As mentioned before, the entire second disc contains the title track, clocking at over 42 minutes. It's a concept piece of sorts, lyrically about mental disease. The lyrical subject doesn't captivate me much at all, so I'll concentrate on the musical impressions.
Musically, the track is almost classical in structure, starting with a near-7-minute overture containing the musical themes that occur later, ending with a grand finale. Between these parts we find some better and some more average pieces. "War Inside my Head", "The Test that Stumped them All" and "About to Crash (Reprise)" are the more ballsy tracks that appeal to me most, whereas the others somehow seem average by comparison, though "Solitary Shell" is quite a good ballad-type cut. On the whole, I am not that as much impressed by the title track as I would have hoped and expected. The first disc is superior. Maybe it'll grow on me yet, I don't know. The five bullet rating is largely due on account of the immeasurable excellence of the first disc, whereas the second one is 'merely very good'.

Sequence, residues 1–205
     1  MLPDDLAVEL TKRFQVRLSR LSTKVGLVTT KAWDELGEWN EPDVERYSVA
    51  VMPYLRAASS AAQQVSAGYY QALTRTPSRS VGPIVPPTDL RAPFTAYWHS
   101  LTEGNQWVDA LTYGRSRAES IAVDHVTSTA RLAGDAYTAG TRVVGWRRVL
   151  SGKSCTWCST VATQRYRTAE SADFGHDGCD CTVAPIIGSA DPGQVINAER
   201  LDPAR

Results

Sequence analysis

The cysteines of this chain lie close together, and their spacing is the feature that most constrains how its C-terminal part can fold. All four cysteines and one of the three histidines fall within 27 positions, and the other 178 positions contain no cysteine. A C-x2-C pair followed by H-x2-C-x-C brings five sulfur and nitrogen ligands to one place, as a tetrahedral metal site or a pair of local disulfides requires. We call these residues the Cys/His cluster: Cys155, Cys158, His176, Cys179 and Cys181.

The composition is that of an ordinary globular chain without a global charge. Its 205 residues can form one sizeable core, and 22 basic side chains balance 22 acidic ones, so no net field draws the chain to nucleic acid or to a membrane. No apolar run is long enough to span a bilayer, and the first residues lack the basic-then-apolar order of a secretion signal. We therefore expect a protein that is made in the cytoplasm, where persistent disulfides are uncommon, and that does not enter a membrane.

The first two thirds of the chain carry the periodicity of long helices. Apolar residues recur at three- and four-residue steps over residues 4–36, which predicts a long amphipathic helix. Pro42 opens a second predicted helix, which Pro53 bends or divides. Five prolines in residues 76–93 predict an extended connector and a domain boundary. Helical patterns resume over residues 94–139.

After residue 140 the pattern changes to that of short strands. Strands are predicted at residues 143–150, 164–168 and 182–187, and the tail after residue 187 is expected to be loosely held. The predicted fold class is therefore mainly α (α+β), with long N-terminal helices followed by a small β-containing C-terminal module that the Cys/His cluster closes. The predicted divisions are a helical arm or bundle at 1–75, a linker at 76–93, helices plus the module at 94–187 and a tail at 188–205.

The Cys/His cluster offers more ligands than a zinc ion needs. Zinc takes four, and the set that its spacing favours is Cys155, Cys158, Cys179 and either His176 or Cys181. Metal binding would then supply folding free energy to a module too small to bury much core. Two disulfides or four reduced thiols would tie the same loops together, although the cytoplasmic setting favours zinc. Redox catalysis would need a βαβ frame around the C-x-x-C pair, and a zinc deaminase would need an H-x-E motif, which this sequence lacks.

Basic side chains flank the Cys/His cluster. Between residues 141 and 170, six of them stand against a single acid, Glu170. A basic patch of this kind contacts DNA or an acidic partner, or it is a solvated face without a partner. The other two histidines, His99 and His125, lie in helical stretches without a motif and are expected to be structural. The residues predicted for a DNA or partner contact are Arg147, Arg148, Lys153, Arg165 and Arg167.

I think a world in which talented musicians such as Petrucci, Portnoy and Rudess are allowed to unbridledly record and release, is a pretty good one. In the past five years these guys have contributed to my personal aural universe with some excellent Dream Theater material, not to mention to bafflingly excellent Liquid Tension Experiment CDs. I think it's excellent that Elektra allowed them to release their latest album as a double CD. I think it is the music business' prerogative and solemn duty to expose the world at large to as much musical produce of these guys, and for me this album heralds the coming of even more...
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Written January 2002